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Thursday, March 6, 2008

how to evaluate government intervention

Carl, if putting two drugs together on the same shelf is a bad idea, it's bad because doing so is fraudulently deceptive, and so can be handled simply by policing fraud.
Indiscriminate use of antibiotics isn't quite "germ warfare", but I agree it involves a negative externality that can qualify as aggression.  The flip side of that coin is encouraging contagion by not fighting germs hard enough.  Prevention of contagion and conflagration and floods, by addressing the "holdout" market failure, is one of the very few forms of pure public goods (like national defense) that in my judgment merit government intervention.  For details, see the handy table at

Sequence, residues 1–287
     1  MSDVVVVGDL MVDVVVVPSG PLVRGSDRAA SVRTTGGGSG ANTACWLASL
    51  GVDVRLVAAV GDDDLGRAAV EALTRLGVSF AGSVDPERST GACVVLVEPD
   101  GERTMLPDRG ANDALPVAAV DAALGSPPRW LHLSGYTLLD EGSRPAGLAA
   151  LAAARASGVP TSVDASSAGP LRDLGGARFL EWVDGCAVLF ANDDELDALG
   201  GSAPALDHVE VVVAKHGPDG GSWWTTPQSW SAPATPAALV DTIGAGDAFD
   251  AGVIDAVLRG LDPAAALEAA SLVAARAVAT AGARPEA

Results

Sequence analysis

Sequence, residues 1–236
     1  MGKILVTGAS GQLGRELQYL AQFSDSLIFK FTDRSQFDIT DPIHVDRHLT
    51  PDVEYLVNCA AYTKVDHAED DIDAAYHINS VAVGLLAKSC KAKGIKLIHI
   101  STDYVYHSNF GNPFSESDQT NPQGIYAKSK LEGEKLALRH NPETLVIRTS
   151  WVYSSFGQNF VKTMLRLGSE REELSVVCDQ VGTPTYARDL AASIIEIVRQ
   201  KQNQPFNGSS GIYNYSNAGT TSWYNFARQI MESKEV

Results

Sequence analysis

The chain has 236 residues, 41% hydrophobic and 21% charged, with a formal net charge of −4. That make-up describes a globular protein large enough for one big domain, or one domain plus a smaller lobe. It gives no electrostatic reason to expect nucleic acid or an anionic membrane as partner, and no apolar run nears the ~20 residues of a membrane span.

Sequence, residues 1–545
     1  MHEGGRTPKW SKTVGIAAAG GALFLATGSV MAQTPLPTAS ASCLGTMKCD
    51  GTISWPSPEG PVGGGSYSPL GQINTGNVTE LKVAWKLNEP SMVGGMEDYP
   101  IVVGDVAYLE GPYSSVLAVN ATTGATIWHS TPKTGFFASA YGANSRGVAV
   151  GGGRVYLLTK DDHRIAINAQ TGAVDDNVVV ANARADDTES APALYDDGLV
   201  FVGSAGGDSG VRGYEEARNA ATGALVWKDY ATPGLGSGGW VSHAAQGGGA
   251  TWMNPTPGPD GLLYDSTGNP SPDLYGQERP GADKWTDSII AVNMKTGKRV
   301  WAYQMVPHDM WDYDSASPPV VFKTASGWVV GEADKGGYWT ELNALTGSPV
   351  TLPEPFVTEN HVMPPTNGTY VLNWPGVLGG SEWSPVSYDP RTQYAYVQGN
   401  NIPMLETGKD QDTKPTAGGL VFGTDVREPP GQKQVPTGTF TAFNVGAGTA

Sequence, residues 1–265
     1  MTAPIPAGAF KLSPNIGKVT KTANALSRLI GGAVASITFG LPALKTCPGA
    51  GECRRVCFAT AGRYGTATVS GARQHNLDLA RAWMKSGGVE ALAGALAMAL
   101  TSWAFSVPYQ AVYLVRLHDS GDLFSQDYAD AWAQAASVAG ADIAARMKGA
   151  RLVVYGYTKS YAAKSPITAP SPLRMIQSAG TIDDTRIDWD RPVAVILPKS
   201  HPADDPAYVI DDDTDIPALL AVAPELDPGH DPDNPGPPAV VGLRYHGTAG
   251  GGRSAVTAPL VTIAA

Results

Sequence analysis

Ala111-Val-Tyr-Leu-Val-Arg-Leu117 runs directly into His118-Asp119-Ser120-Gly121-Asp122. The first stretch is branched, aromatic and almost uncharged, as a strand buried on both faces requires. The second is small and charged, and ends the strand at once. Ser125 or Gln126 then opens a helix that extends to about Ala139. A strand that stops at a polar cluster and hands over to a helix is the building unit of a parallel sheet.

Susan is correct to criticize you for suggesting "net benefit" as the way to evaluate any government intervention.  I wouldn't even agree that a government intervention is justified merely because it is Kaldor-Hicks efficient.  However, her anarchistic criterion of "voluntariness" is inadequate too.  The way for a libertarian to judge a government intervention is to ask whether it is both 1) Kaldor-Hicks efficient and 2) effective at protecting life, liberty, and property.  This combines both your idea and Susan's, while avoiding the Scylla of nanny-statism and the Charybdis of anarchism.
Alas, concepts like Kaldor-Hicks efficiency and pure public goods require about 100 words to explain, and so they are much less politically viable than concepts like "provide any net benefit" or "never initiate force".  The real trick in politics is to design political institutions and processes that 1) implement the political principles that the local primates would want if they understood them while 2) not disenfranchising them.